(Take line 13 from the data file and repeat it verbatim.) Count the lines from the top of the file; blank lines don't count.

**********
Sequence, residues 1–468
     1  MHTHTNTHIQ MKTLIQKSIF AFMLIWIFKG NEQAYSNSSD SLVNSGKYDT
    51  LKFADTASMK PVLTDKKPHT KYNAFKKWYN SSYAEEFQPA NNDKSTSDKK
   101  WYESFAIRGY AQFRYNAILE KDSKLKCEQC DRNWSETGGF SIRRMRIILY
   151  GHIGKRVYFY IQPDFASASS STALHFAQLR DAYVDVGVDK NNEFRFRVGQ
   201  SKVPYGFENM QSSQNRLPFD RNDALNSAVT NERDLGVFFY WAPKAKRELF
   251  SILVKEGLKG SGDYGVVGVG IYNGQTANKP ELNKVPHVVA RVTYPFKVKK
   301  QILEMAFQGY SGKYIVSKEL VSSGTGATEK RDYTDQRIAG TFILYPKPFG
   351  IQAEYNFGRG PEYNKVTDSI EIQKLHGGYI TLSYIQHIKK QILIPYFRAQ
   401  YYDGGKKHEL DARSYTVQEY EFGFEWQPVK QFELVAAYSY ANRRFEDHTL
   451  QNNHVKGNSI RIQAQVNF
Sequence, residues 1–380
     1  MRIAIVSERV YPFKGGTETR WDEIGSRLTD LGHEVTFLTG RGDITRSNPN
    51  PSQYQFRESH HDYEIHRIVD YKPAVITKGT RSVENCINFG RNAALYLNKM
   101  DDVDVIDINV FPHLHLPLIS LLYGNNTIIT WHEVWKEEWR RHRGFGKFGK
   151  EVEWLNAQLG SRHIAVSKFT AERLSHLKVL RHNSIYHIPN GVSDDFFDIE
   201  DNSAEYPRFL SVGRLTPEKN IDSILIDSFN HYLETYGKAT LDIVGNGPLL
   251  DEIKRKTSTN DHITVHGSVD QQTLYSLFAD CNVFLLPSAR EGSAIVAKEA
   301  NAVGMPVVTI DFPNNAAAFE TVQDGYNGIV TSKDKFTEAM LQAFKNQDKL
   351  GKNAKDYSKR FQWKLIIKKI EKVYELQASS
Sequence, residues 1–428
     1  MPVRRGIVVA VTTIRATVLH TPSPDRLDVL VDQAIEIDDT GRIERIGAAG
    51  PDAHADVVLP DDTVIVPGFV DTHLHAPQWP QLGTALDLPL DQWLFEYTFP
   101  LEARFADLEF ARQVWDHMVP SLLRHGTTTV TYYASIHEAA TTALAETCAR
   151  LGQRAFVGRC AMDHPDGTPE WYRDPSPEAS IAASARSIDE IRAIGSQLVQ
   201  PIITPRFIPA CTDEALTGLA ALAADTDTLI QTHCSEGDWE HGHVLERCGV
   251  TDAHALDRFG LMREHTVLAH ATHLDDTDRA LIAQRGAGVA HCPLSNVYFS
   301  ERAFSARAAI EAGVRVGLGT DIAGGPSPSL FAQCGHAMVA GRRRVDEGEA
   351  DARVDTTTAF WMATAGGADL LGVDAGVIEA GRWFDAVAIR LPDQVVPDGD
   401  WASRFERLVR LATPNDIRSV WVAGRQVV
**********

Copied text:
     1  MRIAIVSERV YPFKGGTETR WDEIGSRLTD LGHEVTFLTG RGDITRSNPN